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Re: [feathers]



>      Hello , I  have been monitoring the list about feathers , and I
> would like some
> comment on the following to see if it is of any value.......
>      I think that perhaps a small dinosaur found a nitch as a predator
> of small fish......
>      That in that capacity it would develop hollow bones for flotation
> purposes......
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Hollow bones are helpful when flying, but not when in the water. When in water 
you want heavier bones so that you can sink. Even extant crocodiles swallow 
stones to help counteract the buoyancy of their lungs (and to help grind up 
food too.) So hollow bones aren't exactly the way to go with a watery life.
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Earl:
>      Arms would evolve into longer appendages to aid in pushing for
> greater speed....
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======================================================================

Not bad, but early bird like animals had nice long tails taht would help move 
the body through the water. Also, other than humans and maybe sloths, most 
animals don't use their arms for propulsion through the water.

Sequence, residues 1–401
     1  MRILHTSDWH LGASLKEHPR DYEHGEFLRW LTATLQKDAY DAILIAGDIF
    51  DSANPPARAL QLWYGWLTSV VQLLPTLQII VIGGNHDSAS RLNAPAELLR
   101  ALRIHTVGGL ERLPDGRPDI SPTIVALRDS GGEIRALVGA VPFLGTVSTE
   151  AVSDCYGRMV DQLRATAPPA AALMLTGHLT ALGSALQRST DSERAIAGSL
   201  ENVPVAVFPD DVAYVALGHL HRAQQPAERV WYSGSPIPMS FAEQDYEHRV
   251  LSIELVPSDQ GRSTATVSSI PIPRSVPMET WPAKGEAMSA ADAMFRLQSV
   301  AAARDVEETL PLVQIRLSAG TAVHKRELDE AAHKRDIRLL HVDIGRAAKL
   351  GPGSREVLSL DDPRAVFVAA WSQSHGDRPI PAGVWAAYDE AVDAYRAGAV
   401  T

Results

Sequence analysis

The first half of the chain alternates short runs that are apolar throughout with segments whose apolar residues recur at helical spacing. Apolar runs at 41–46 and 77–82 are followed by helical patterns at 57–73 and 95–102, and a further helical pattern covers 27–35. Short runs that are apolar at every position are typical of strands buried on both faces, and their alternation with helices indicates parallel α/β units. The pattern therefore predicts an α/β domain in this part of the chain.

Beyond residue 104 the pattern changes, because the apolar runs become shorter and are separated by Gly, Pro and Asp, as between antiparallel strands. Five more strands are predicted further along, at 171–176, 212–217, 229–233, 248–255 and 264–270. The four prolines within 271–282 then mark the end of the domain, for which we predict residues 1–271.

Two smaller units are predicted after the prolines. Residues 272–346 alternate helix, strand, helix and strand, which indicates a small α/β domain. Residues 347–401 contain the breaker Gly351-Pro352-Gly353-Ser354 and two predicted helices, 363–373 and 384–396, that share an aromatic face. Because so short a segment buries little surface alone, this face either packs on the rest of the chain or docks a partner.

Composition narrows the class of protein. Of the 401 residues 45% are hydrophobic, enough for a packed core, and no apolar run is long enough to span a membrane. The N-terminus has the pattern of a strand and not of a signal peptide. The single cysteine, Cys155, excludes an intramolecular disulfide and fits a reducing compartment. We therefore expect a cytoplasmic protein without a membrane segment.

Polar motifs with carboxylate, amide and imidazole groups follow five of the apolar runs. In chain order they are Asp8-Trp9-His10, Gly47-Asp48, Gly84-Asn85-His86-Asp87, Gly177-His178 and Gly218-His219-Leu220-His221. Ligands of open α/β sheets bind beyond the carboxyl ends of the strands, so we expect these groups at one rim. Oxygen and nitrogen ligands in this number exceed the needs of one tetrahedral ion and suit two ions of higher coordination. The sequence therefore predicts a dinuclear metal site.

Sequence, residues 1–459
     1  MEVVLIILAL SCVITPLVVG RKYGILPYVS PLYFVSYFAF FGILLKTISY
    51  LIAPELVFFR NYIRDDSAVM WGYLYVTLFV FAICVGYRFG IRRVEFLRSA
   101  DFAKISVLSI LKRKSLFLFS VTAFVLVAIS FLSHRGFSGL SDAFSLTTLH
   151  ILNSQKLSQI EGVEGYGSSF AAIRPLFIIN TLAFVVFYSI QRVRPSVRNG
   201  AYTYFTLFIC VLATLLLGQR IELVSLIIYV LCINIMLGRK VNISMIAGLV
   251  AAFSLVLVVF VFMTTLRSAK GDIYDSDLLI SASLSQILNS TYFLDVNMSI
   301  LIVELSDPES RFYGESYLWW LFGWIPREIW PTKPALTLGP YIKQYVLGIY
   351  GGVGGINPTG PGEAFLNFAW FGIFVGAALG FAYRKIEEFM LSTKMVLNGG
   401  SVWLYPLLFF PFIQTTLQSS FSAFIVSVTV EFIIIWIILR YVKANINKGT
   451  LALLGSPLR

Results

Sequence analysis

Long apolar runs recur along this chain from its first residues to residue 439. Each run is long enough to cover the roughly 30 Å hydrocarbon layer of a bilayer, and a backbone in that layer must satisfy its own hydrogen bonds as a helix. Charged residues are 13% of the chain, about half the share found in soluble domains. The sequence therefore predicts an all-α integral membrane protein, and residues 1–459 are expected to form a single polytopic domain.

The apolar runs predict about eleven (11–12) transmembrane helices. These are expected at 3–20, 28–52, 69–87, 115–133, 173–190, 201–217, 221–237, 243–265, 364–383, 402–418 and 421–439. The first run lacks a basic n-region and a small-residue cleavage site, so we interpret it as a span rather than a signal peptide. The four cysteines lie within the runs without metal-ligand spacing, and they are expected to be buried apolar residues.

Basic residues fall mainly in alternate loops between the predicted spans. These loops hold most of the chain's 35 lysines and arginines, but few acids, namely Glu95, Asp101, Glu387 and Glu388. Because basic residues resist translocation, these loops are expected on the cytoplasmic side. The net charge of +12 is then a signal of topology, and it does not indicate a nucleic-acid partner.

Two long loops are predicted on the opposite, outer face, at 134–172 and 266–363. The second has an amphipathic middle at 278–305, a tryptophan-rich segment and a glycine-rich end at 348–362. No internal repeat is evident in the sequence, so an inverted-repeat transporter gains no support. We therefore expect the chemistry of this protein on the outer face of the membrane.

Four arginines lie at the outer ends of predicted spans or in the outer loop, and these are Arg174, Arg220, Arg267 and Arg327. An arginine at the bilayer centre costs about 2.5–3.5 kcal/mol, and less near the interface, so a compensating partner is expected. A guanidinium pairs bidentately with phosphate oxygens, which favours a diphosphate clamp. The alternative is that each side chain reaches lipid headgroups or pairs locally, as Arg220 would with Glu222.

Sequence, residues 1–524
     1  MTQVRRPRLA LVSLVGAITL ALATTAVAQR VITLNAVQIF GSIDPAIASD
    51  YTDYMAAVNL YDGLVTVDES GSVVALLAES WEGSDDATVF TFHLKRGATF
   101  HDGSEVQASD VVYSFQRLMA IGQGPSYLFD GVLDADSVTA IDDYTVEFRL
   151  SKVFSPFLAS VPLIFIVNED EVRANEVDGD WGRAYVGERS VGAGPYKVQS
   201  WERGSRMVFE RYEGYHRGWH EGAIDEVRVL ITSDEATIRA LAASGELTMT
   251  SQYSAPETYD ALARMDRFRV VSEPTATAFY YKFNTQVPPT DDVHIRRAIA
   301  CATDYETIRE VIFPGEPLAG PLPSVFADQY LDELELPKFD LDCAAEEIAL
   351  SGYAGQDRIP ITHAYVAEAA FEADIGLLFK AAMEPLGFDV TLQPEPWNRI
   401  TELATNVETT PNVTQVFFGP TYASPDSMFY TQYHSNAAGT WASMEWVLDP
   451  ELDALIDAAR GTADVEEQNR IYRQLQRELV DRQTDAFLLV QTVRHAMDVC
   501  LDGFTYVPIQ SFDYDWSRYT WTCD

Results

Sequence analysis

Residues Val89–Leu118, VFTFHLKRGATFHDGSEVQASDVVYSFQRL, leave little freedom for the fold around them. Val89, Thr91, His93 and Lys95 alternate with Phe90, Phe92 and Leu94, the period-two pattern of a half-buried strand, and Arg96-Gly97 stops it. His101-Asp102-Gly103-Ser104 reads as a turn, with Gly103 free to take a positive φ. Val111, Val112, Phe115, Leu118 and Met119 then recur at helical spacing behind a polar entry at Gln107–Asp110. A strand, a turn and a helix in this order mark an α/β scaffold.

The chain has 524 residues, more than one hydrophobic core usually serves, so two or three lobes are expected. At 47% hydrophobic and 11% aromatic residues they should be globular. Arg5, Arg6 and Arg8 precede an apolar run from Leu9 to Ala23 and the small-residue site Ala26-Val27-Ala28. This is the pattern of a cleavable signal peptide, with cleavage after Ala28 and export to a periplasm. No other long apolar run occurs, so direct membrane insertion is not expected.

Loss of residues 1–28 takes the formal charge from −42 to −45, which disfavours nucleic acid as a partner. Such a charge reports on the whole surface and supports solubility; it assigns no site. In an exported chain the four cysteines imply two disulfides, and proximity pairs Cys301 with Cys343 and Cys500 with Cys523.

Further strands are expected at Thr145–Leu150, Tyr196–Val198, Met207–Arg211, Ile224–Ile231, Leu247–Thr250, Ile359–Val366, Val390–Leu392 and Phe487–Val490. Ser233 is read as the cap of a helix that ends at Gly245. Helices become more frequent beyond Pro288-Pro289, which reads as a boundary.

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Earl:
>      As perhaps the earth cooled prior to the K/T boundary the need for
> greater
>      insulation as well as more buoyancy was needed which brought about
> proto
>     feathers which were only a modification of the scales to a hollow
> tubule........
>      From there it would seem to me that the need for more speed and
> stronger arms
>     would lead to eventual flight as an aquatic bird.
>      As you comment please remember I'm an amateur
>      Thank You
>      Earl Wood
>      candles@jps.net
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Again not bad, but again protofeathers and feathers both originate din the 
Jurassic (and quite possibly the Triassic too) not in the Cretaceous. No I 
don't think insulation was the main reason for feathers, but that's a personal 
view.

As for that amateur bit, don't worry. I'm not exactly a profesional myself.

Archosaur J


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